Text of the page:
Hollywood (1980– )
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Single Beds and Double Standards 

Mounting scandals including drug addiction and murder force the studios to appoint Will Hays as a morals czar to oversee production.




Episode credited cast:
James Mason ... Himself - Narrator (voice)
Rest of cast listed alphabetically:
Cedric Belfrage Cedric Belfrage ... Himself
Karl Brown Karl Brown ... Himself
Viola Dana ... Herself
Allan Dwan ... Himself
Byron Haskin ... Himself
Henry Hathaway ... Himself
Henry King ... Himself
Anita Loos ... Herself
Ben Lyon ... Himself
Samuel Marx Samuel Marx ... Himself (as Sam Marx)
Colleen Moore ... Herself
Albert S. Rogell Albert S. Rogell ... Himself (as Al Rogell)
Bob Rose Bob Rose ... Himself
Adela Rogers St. Johns ... Herself


Mounting scandals including Wallace Reid's death from drug addiction, the unsolved murder of director William Desmond Taylor,and the two sensational murder/rape trials of comedian Fatty Arbuckle with the resultant outcry force the studios to appoint Will Hays as a morals czar to oversee production. Written by duke1029@aol.com

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Release Date:

22 January 1980 (UK) See more »

Company Credits

Production Co:

Thames Television See more »
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Technical Specs

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Did You Know?


References Human Wreckage (1923) See more »

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User Reviews

Blue and Bluenoses.
19 May 2016 | by rmax304823See all my reviews

This episode is interesting as history but it also resonates with certain, more recent events. Around 1915, wild parties were the norm. Many of the actors and actresses at the center of the social world were making money for the first time. A secondary concentric circle consisted of wannabees, including small-part actresses like the attractive Virginia Rapp, a name she pronounced "Rappé." The talking heads were were period witnesses described her as not a tramp but a girl who did what she had to do in order to become better known.

One of the most famous comedians of the time was comedian Roscoe "Fatty" Arbuckle. He was Chaplin's equal for a period. On a vacation in San Francisco's St. Francis Hotel, Arbuckle threw one of the parties he was famous for. He retired to his room with Virginia Rapp. She later died of a ruptured bladder. An acquaintance came forward and had Arbuckle charged. The charge was murder. The vision was that the notoriously plump Arbuckle had raped the virginal girl, stifling her screams, and had ruptured her bladder in the process. Physicians testified that there was no evidence of rape. Virginia Rapp was no virgin; she'd already had several abortions.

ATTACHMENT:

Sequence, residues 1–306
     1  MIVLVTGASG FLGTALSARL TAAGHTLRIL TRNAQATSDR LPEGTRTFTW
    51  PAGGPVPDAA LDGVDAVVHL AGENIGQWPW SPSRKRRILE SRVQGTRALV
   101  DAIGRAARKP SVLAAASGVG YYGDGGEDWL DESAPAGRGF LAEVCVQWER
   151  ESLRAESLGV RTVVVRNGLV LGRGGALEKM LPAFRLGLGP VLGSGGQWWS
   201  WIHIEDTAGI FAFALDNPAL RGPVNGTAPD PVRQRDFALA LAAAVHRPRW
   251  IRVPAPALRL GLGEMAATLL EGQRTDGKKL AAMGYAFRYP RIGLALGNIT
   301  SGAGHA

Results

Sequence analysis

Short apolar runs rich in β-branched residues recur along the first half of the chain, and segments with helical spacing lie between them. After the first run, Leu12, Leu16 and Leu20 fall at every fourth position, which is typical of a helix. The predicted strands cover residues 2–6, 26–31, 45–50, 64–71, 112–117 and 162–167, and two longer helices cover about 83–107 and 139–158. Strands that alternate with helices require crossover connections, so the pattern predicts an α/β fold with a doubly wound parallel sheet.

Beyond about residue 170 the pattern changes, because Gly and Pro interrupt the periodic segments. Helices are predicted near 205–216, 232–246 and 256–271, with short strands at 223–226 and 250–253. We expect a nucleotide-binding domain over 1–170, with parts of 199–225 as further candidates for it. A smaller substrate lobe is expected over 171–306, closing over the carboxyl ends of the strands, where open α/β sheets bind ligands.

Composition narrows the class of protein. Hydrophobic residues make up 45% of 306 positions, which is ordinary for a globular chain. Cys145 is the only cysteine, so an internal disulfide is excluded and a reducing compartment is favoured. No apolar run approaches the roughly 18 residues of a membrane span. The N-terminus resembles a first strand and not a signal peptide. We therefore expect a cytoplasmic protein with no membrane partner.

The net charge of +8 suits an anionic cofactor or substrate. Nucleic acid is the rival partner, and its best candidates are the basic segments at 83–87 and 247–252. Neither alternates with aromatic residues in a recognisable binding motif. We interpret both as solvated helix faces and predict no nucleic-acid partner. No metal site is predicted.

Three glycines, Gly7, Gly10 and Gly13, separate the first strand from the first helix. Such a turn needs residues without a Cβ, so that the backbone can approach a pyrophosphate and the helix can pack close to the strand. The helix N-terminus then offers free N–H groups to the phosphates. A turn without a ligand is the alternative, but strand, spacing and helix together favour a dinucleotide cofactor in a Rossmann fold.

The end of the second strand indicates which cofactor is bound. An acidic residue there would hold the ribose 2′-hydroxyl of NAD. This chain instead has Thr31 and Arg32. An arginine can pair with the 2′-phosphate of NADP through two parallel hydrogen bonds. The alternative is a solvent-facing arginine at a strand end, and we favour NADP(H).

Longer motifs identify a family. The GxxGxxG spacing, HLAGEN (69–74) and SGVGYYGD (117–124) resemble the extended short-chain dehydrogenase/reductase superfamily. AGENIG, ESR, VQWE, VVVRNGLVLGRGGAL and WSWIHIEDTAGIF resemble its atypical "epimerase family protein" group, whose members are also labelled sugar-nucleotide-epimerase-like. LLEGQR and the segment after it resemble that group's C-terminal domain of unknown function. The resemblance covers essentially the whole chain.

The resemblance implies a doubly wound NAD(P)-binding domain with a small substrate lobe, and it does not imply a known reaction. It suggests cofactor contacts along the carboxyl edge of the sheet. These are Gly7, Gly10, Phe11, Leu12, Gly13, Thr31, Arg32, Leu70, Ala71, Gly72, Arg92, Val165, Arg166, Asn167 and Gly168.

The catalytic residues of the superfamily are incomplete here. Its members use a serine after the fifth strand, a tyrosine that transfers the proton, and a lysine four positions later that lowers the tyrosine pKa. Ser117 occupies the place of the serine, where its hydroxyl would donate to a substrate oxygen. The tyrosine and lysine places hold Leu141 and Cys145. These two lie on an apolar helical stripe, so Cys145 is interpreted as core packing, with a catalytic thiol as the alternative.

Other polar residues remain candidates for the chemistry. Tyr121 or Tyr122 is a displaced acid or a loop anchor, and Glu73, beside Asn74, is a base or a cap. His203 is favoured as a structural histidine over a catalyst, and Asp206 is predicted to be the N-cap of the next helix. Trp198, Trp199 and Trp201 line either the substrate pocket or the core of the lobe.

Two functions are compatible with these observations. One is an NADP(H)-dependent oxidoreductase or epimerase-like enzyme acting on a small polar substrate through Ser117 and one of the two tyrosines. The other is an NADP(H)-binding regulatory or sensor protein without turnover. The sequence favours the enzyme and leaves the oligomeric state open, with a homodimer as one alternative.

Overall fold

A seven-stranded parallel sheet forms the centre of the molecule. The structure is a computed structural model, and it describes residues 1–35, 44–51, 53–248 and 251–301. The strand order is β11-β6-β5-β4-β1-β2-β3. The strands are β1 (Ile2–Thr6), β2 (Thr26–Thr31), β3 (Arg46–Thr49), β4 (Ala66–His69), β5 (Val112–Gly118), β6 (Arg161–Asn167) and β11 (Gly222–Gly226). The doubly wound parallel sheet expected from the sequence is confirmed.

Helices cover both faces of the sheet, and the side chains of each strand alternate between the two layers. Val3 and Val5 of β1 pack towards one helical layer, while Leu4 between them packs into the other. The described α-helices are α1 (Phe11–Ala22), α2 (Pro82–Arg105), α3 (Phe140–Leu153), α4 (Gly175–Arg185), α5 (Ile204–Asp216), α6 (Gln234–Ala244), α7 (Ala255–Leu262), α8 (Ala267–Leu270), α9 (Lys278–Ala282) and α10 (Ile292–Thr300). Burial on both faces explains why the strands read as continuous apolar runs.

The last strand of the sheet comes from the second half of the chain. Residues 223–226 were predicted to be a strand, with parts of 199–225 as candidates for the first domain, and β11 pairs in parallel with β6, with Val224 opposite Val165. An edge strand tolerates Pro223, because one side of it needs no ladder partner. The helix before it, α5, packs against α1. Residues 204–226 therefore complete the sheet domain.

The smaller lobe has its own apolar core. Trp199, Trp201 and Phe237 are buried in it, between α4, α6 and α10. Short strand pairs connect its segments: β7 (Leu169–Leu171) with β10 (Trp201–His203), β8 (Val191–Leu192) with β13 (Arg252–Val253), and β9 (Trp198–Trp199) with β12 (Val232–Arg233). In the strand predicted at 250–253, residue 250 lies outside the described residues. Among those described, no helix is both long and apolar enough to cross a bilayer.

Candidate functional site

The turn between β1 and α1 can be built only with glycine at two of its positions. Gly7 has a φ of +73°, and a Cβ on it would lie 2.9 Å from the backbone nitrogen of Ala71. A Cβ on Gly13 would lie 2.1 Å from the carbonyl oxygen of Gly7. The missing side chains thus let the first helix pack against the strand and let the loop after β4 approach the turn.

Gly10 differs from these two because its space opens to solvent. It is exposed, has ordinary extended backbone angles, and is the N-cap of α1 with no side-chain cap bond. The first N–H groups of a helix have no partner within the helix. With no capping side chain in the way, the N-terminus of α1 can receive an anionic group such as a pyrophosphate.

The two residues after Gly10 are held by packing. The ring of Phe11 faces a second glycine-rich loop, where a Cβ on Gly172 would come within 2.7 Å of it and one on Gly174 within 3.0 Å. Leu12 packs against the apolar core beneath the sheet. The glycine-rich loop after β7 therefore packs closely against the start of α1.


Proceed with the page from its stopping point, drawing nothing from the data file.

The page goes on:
But it didn't matter. Rumors circulated that Arbuckle had violated her with a liquor bottle. The newspapers, particularly those of William Randolph Hearst, leaped on the story and built it into a fairy tale of unbridled lust and homicide. "Tried by the press and convicted by the public," says a contemporary. The scandal spread across the world, or at least as far as the movies reached. Arbuckle was round condemned, though the charge was reduced from murder to manslaughter. The DA was running for reelection and made the most of his opportunity to become a celebrity, as did Virginia Rapp's friend. Arbuckle became a black joke and was imprisoned.

I said that this resonates with more recent events and I'm thinking of Bill Cosby, a comedian now in his seventies, charged by dozens of women of having given them liquor and drugs thirty years ago and then raping them while they were unconscious.

As I write this, the matter is a monumental scandal, and the aging comedian is the subject of late-night talk show jokes. The editorial pages and the TV screens are filled with overwrought citizens whose assumptions now include pedophilia and, if this were twenty years ago, probably Satanism. There is no evidence that Cosby did anything that other celebrities of the period were doing with groupies and eager fans, but it doesn't matter.

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